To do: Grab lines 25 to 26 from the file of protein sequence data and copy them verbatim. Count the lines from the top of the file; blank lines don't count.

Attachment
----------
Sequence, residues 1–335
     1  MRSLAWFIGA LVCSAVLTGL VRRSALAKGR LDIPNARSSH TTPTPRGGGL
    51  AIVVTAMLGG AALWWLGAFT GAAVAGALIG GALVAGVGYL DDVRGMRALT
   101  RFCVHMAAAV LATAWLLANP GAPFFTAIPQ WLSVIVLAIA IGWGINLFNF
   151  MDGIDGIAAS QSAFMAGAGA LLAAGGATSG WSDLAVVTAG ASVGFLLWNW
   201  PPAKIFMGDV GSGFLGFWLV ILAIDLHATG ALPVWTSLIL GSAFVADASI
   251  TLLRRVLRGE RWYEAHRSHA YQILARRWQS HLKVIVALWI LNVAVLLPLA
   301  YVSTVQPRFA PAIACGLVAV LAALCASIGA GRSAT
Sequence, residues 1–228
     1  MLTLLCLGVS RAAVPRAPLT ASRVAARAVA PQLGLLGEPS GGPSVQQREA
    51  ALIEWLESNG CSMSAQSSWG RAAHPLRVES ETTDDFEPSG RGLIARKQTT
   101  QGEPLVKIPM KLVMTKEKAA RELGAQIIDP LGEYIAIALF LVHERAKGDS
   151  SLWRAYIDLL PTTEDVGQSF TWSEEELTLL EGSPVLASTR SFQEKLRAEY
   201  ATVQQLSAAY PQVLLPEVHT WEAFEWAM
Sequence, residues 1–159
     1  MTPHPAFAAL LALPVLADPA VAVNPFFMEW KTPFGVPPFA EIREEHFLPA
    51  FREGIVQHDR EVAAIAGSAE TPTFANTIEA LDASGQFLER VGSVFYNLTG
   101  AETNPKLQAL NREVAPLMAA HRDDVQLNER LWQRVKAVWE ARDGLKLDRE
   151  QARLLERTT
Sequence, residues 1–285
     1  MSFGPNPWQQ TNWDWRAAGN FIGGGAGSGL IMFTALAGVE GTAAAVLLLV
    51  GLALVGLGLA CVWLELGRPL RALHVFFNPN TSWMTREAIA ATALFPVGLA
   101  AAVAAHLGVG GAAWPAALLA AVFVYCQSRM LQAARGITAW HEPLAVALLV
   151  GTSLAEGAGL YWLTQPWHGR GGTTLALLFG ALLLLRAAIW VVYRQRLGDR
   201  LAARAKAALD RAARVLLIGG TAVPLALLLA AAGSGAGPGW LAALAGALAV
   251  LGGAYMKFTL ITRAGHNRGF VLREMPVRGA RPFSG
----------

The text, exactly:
   201  LAARAKAALD RAARVLLIGG TAVPLALLLA AAGSGAGPGW LAALAGALAV
   251  LGGAYMKFTL ITRAGHNRGF VLREMPVRGA RPFSG